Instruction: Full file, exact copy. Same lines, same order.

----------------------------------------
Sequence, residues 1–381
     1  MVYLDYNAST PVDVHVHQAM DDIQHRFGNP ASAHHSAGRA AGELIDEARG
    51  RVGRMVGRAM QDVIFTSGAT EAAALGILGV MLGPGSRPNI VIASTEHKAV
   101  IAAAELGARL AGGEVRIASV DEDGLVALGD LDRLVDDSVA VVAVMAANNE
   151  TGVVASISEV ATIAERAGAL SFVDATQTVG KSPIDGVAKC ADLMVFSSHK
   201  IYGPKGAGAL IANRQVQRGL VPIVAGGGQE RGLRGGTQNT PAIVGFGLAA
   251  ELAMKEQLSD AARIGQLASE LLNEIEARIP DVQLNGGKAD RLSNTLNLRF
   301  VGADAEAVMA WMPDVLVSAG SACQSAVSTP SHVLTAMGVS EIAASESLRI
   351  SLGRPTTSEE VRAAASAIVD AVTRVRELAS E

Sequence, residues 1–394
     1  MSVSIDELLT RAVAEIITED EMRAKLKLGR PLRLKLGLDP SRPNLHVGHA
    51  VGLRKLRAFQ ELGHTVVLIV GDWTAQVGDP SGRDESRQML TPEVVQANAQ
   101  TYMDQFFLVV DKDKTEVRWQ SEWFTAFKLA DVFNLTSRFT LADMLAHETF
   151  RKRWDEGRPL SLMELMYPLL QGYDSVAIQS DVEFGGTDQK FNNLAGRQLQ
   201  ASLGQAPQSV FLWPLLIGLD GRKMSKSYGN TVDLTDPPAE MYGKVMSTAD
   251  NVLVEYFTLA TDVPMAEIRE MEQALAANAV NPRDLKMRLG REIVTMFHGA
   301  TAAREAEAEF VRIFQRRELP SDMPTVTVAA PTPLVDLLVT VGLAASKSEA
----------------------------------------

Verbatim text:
Sequence, residues 1–381
     1  MVYLDYNAST PVDVHVHQAM DDIQHRFGNP ASAHHSAGRA AGELIDEARG
    51  RVGRMVGRAM QDVIFTSGAT EAAALGILGV MLGPGSRPNI VIASTEHKAV
   101  IAAAELGARL AGGEVRIASV DEDGLVALGD LDRLVDDSVA VVAVMAANNE
   151  TGVVASISEV ATIAERAGAL SFVDATQTVG KSPIDGVAKC ADLMVFSSHK
   201  IYGPKGAGAL IANRQVQRGL VPIVAGGGQE RGLRGGTQNT PAIVGFGLAA
   251  ELAMKEQLSD AARIGQLASE LLNEIEARIP DVQLNGGKAD RLSNTLNLRF
   301  VGADAEAVMA WMPDVLVSAG SACQSAVSTP SHVLTAMGVS EIAASESLRI
   351  SLGRPTTSEE VRAAASAIVD AVTRVRELAS E

Sequence, residues 1–394
     1  MSVSIDELLT RAVAEIITED EMRAKLKLGR PLRLKLGLDP SRPNLHVGHA
    51  VGLRKLRAFQ ELGHTVVLIV GDWTAQVGDP SGRDESRQML TPEVVQANAQ
   101  TYMDQFFLVV DKDKTEVRWQ SEWFTAFKLA DVFNLTSRFT LADMLAHETF
   151  RKRWDEGRPL SLMELMYPLL QGYDSVAIQS DVEFGGTDQK FNNLAGRQLQ
   201  ASLGQAPQSV FLWPLLIGLD GRKMSKSYGN TVDLTDPPAE MYGKVMSTAD
   251  NVLVEYFTLA TDVPMAEIRE MEQALAANAV NPRDLKMRLG REIVTMFHGA
   301  TAAREAEAEF VRIFQRRELP SDMPTVTVAA PTPLVDLLVT VGLAASKSEA